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Clinical trialist perspectives on the ethics of adaptive clinical trials: a mixed-methods analysis

Overview of attention for article published in BMC Medical Ethics, May 2015
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About this Attention Score

  • In the top 25% of all research outputs scored by Altmetric
  • High Attention Score compared to outputs of the same age (82nd percentile)

Mentioned by

11 tweeters
2 Facebook pages


20 Dimensions

Readers on

66 Mendeley
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Clinical trialist perspectives on the ethics of adaptive clinical trials: a mixed-methods analysis
Published in
BMC Medical Ethics, May 2015
DOI 10.1186/s12910-015-0022-z
Pubmed ID

Laurie J Legocki, William J Meurer, Shirley Frederiksen, Roger J Lewis, Valerie L Durkalski, Donald A Berry, William G Barsan, Michael D Fetters


In an adaptive clinical trial (ACT), key trial characteristics may be altered during the course of the trial according to predefined rules in response to information that accumulates within the trial itself. In addition to having distinguishing scientific features, adaptive trials also may involve ethical considerations that differ from more traditional randomized trials. Better understanding of clinical trial experts' views about the ethical aspects of adaptive designs could assist those planning ACTs. Our aim was to elucidate the opinions of clinical trial experts regarding their beliefs about ethical aspects of ACTs. We used a convergent, mixed-methods design employing a 22-item ACTs beliefs survey with visual analog scales and open-ended questions and mini-focus groups. We developed a coding scheme to conduct thematic searches of textual data, depicted responses to visual analog scales on box-plot diagrams, and integrated findings thematically. Fifty-three clinical trial experts from four constituent groups participated: academic biostatisticians (n = 5); consultant biostatisticians (n = 6); academic clinicians (n = 22); and other stakeholders including patient advocacy, National Institutes of Health, and U.S. Food and Drug Administration representatives (n = 20). The respondents recognized potential ethical benefits of ACTs, including a higher probability of receiving an effective intervention for participants, optimizing resource utilization, and accelerating treatment discovery. Ethical challenges voiced include developing procedures so trial participants can make informed decisions about taking part in ACTs and plausible, though unlikely risks of research personnel altering enrollment patterns. Clinical trial experts recognize ethical advantages but also pose potential ethical challenges of ACTs. The four constituencies differ in their weighing of ACT ethical considerations based on their professional vantage points. These data suggest further discussion about the ethics of ACTs is needed to facilitate ACT planning, design and conduct, and ultimately better allow planners to weigh ethical implications of competing trial designs.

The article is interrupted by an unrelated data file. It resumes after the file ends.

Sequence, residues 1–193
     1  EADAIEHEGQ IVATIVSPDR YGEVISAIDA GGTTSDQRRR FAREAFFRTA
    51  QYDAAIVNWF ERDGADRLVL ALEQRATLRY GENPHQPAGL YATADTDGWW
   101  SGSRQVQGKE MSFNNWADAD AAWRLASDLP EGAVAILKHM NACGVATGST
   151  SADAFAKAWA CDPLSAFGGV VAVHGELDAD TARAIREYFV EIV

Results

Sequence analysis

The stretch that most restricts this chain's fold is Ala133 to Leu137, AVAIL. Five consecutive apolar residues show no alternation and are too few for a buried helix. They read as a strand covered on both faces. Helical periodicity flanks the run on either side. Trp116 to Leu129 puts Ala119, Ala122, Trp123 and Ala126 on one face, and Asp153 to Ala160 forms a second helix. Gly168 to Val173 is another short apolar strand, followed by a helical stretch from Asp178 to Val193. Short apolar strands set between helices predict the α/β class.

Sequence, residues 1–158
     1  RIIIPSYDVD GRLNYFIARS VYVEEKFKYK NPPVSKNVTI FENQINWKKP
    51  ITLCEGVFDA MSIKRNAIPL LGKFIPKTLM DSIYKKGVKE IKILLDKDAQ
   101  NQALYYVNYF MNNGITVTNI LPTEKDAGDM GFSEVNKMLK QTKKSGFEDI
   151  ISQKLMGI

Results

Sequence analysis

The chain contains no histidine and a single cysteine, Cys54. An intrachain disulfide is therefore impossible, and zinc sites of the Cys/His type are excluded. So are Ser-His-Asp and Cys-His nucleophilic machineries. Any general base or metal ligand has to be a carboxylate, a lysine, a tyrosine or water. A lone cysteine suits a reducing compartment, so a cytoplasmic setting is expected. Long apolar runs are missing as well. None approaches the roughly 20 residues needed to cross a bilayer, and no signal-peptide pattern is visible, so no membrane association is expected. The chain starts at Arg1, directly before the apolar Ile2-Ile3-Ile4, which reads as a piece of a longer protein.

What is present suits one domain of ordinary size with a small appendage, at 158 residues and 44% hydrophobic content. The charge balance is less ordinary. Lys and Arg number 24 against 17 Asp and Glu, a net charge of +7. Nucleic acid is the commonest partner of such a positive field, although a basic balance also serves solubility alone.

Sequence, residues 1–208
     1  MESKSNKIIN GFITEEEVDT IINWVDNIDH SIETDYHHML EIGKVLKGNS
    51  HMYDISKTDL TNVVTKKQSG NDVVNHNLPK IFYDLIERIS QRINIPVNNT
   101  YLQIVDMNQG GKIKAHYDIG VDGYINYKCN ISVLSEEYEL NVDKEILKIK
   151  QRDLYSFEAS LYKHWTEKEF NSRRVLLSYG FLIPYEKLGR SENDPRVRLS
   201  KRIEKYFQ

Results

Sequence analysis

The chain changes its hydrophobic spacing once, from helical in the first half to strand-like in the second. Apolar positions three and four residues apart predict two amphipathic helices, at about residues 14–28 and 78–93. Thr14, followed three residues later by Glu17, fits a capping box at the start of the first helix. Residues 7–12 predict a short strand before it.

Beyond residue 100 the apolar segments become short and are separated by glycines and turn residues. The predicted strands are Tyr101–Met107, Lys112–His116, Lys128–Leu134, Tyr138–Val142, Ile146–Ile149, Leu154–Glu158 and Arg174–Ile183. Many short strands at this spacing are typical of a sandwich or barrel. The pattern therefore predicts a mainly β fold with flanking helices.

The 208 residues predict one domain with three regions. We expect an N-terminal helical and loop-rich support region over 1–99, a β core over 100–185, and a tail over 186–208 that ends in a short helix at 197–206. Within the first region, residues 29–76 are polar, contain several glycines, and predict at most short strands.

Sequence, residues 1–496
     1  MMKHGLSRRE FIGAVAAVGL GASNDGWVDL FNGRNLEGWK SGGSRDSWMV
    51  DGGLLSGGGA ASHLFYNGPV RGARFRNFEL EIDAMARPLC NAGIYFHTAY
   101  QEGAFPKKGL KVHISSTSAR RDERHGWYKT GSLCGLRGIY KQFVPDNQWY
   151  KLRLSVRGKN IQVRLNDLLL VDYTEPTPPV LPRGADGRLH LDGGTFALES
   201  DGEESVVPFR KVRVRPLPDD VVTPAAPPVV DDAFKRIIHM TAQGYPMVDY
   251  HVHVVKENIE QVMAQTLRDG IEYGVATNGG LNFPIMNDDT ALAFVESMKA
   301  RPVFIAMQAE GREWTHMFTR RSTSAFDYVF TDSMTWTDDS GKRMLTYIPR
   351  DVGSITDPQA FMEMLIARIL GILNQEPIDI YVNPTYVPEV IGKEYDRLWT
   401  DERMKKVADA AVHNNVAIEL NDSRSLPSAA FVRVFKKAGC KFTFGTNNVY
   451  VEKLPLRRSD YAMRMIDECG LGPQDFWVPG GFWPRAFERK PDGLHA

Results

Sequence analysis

Twitter Demographics

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Mendeley readers

The data shown below were compiled from readership statistics for 66 Mendeley readers of this research output. Click here to see the associated Mendeley record.

Geographical breakdown

Country Count As %
Ireland 1 2%
Brazil 1 2%
United Kingdom 1 2%
New Zealand 1 2%
United States 1 2%
Poland 1 2%
Unknown 60 91%

Demographic breakdown

Readers by professional status Count As %
Researcher 18 27%
Student > Ph. D. Student 17 26%
Student > Master 6 9%
Student > Doctoral Student 5 8%
Professor > Associate Professor 3 5%
Other 10 15%
Unknown 7 11%
Readers by discipline Count As %
Medicine and Dentistry 15 23%
Nursing and Health Professions 8 12%
Social Sciences 6 9%
Philosophy 4 6%
Psychology 4 6%
Other 18 27%
Unknown 11 17%

Attention Score in Context

This research output has an Altmetric Attention Score of 9. This is our high-level measure of the quality and quantity of online attention that it has received. This Attention Score, as well as the ranking and number of research outputs shown below, was calculated when the research output was last mentioned on 07 November 2019.
All research outputs
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Outputs from BMC Medical Ethics
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Outputs of similar age
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Outputs of similar age from BMC Medical Ethics
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Altmetric has tracked 14,969,364 research outputs across all sources so far. Compared to these this one has done well and is in the 84th percentile: it's in the top 25% of all research outputs ever tracked by Altmetric.
So far Altmetric has tracked 653 research outputs from this source. They typically receive a lot more attention than average, with a mean Attention Score of 14.8. This one has gotten more attention than average, scoring higher than 61% of its peers.
Older research outputs will score higher simply because they've had more time to accumulate mentions. To account for age we can compare this Altmetric Attention Score to the 230,496 tracked outputs that were published within six weeks on either side of this one in any source. This one has done well, scoring higher than 82% of its contemporaries.
We're also able to compare this research output to 1 others from the same source and published within six weeks on either side of this one. This one has scored higher than all of them